Another group that has been working on bringing fractional ownership to New Jersey is called Shared Synergy, which started developing a business model for beach communities in 2005. The plan involves offering 1/2 shares to their owners for shares in the luxury homes that would have all the top amenities.
“Recent property values in this area (specifically the communities of Avalon, Sea Isle City, Ocean City, New Jersey) priced the average consumer out of ownership options years ago,” said the group’s owner on the Shared Synergy blog. “Fractional ownership is the answer to this problem. The buyer essentially gets the deeded interest in the home and 12-13 weeks a year to use (or rent out) the house under a [Tenants-in-Common] agreement.”
According to someone working in the group, the plan is currently in a holding pattern as they look for more financing, but they expect to be operational by 2011.
One of the main reasons people buy fractionals, even when they can afford the entire purchase, is that the expense and responsibility of ownership is reduced. This makes the second home truly a vacation, as you can simply go there, and know everything is in order. At the same time, you have the deed to the property, and you can pass it down through generations in your family, or resell it through a broker.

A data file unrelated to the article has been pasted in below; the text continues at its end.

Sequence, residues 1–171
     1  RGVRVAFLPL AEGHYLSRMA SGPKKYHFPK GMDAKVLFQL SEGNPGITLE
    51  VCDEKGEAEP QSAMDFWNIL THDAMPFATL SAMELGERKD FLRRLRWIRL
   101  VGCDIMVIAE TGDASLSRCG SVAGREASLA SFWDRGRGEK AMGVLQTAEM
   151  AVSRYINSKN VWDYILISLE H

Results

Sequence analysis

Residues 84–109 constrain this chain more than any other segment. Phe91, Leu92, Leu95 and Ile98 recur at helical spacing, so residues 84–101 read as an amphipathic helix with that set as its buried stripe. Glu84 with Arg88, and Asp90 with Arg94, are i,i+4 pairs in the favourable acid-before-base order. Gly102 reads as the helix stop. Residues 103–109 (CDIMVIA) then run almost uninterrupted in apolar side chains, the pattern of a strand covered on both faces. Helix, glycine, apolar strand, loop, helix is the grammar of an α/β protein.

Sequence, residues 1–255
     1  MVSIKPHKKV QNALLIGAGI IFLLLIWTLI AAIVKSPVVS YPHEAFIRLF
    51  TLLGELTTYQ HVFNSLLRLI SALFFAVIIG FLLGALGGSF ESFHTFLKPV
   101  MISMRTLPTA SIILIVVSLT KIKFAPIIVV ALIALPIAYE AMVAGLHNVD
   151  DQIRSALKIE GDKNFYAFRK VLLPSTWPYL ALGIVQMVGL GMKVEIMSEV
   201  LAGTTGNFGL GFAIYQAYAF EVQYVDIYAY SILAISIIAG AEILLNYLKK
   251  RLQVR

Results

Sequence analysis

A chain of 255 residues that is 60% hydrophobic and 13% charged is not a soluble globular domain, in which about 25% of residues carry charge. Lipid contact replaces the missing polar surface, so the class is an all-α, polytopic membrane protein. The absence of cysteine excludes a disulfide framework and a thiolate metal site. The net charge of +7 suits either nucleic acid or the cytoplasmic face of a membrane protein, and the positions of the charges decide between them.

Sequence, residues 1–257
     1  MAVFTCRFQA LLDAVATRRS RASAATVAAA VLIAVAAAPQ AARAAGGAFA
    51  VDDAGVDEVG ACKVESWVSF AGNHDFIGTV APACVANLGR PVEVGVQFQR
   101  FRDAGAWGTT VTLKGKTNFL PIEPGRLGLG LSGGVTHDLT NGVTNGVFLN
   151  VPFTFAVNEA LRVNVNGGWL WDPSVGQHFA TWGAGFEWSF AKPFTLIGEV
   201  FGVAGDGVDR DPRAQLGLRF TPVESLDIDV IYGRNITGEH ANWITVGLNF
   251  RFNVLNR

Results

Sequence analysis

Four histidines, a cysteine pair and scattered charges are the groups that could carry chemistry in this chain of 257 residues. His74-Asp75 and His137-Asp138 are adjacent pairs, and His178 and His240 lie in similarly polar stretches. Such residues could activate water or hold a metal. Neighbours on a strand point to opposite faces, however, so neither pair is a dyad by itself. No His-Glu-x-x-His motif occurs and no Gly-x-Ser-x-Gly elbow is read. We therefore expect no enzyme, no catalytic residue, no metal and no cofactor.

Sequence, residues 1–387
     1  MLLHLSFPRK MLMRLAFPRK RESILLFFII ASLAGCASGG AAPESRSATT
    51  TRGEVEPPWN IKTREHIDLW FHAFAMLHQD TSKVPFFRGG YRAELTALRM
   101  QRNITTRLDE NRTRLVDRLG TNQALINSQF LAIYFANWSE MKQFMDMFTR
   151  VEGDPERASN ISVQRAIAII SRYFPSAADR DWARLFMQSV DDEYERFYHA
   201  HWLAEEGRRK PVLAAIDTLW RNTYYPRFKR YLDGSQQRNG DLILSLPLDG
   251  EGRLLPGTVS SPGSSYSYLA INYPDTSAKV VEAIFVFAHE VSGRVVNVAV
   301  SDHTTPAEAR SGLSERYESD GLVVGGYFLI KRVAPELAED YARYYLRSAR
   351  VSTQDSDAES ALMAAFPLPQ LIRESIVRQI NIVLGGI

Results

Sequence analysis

“You’re buying into a million-dollar property and a lot of times people can’t afford the whole thing by themselves,” Ganssle says. “Many times the developers really dress them up and make them the best of the best and top-of-the-line, and they should. This is attractive to the buyers.”
Fractional ownership has many advantages that are attractive to part-time residents. This lifestyle choice includes many extra services, such as a concierge and valet, as well as perks such as priority tee times, fitness facilities, pools, saunas and much more that you couldn’t count on if you committed to wholly owning a second home.
“Someone can be in a luxury property and only be paying a share of the ownership for when they use it and they can also trade those shares out,” Schechter says. “That helps them out if people’s plans change. It’s not rigid where it has to be the same week all the time.”
In the past, someone may have looked to their relatives and friends to buy a property with them that was too expensive to own on their own. This sounds good, but a lot could go wrong with this method.
“There are a lot of people who buy partnerships with relatives or friends and everyone has to sign on the same mortgage. If one of the other partners loses their job, or gets divorced or can’t make payments, the other partners are responsible,” Lazarus says. “Here, there are each separate notes and mortgages so you will never be responsible for someone else’s debt.”